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Tens of Thousands of Iraqis Protest US Occupation

On anniversary of fall of Baghdad, supporters of radical cleric demand U.S. military pullout

Boston Globe 4/9/2005 05:42

By Antonio Castaneda, Associated Press

BAGHDAD, Iraq (AP) Tens of thousands of Shiites marked the anniversary of the fall of Baghdad with a protest against American troops at the same square where jubilant crowds toppled a statue of Saddam Hussein two years ago [photo of demonstration]

The protesters back radical Shiite cleric Muqtada al-Sadr, whose Mahdi Army militiamen led uprisings last year against U.S. troops before signing truces with U.S.-led forces.

Protest Called by Shiite and Sunni Clerics -- SMPA Editor

Held in the shadow of the Sheraton and Palestine hotels home to foreign journalists and contractors the protest reflected frustration both with the U.S. government, which is slowly handing security responsibilities to Iraqi forces, and anger toward the Sunni Arab-led insurgency.

''This huge gathering shows that the Iraqi people have the strength and faith to protect their country and liberate it from the occupiers,'' said protester Ahmed Abed, a 26-year-old who sells spare car parts.

U.S. officials have said they won't set a timetable for withdrawal, promising to stay until Iraqi forces are able to secure the country.

The protesters filled Firdos Square and spilled onto nearby avenues, waving Iraqi flags. Mimicking the famous images of U.S. soldiers and Iraqis pulling down a statue of Saddam as Baghdad fell, protesters toppled effigies of President Bush, British Prime Minister Tony Blair and Saddam all dressed in red Iraqi prison jumpsuits that signified they had been condemned to death.

Other effigies of Bush and Saddam were burned.

''Force the occupation to leave from our country,'' one banner read in English.

Protesters also called for Saddam to face justice and held up framed photos of Grand Ayatollah Ali al-Sistani, Iraq's most influential Shiite cleric, a spiritual leader to the Shiite population of roughly 60 percent of Iraq's 26 million people.

Demonstrators carried a symbolic coffin, draped with an Iraqi flag, and swung from a statue said to represent freedom and constructed on the pedestal where Saddam's statue once stood. Robed and turbaned Shiite clerics were seen among the crowd.

No violence was reported, although late Friday a senior al-Sadr official who had arrived from Karbala to take part in the protest was gunned down in the New Baghdad neighborhood. Fadhil al-Shawky died in the attack on his car. Two others were wounded.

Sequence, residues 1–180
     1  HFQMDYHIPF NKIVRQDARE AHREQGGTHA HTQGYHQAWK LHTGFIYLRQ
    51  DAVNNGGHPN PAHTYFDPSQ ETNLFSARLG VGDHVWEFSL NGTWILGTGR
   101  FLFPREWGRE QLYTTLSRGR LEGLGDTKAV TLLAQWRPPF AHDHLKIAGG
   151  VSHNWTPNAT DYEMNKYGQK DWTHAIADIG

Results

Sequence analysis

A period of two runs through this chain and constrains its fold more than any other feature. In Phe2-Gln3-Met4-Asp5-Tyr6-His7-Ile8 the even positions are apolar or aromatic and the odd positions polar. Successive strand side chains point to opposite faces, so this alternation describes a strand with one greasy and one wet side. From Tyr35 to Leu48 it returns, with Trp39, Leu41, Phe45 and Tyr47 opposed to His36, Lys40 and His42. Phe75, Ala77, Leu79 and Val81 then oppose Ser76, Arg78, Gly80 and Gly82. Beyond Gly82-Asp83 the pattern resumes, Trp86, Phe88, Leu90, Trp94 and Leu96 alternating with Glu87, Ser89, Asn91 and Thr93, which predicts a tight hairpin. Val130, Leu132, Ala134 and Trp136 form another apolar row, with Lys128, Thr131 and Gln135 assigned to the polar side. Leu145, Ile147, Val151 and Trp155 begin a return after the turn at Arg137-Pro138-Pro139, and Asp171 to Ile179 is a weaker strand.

U.S. and Iraqi security forces kept a close eye on the march, with U.S. soldiers standing behind blast walls topped with barbed wire and armed soldiers watching from rooftops.

Al-Sadr had stayed out of the limelight since leading failed uprisings last year in the southern city of Najaf and in Baghdad's Sadr City neighborhood.

But he has stepped up criticism of the United States in recent weeks, mainly by organizing Saturday's protest, which fell far short of the 1 million people he hoped would assemble.

Officials organized the demonstration with the Iraqi Interior Ministry's promise of protection. A group of protesters and police spent all night securing the square. Roads in central Baghdad were closed to traffic as streets filled with people.

Sunni Muslim clerics also called on their followers to protest on the two year anniversary of the fall of Baghdad, but officials in the influential Association of Muslim Scholars refused to say Saturday where or when the protests would take place. Iraq's Sunni minority was dominant under Saddam and is believed to make up the backbone of the country's insurgency.

Jalil al-Shemari, a senior al-Sadr official, said the Sunnis would not be joining in the Shiite rally at Firdos Square.

During his Friday morning sermon in the capital, the head of an influential Sunni group accused coalition forces of ''killing the Iraqi people daily.''

''We demand that the occupation troops withdraw from Iraq. We don't want them to do it immediately, but we want them to set a timetable for their withdrawal,'' said Sheik Harith al-Dahri, whose Association of Muslim Scholars is believed to have ties to Iraq's insurgents.

Other marches were held across the country to demand that the United States set a timetable for its withdrawal. In the central city of Ramadi, thousands of protestors demonstrated in the al-Sufayaa neighborhood and at Anbar University, demanding that U.S.-led coalition forces set a withdrawal date.

Also Saturday, in the troubled northern city of Mosul, a car bomb detonated near a police patrol, killing at least two policemen and injuring 13 civilians, Dr. Baha al-Deen al-Bakry of the Jumhouri hospital said.

Associated Press reporters Qasim Abdul-Zahra and Sameer Yacoub contributed to this report from Baghdad.

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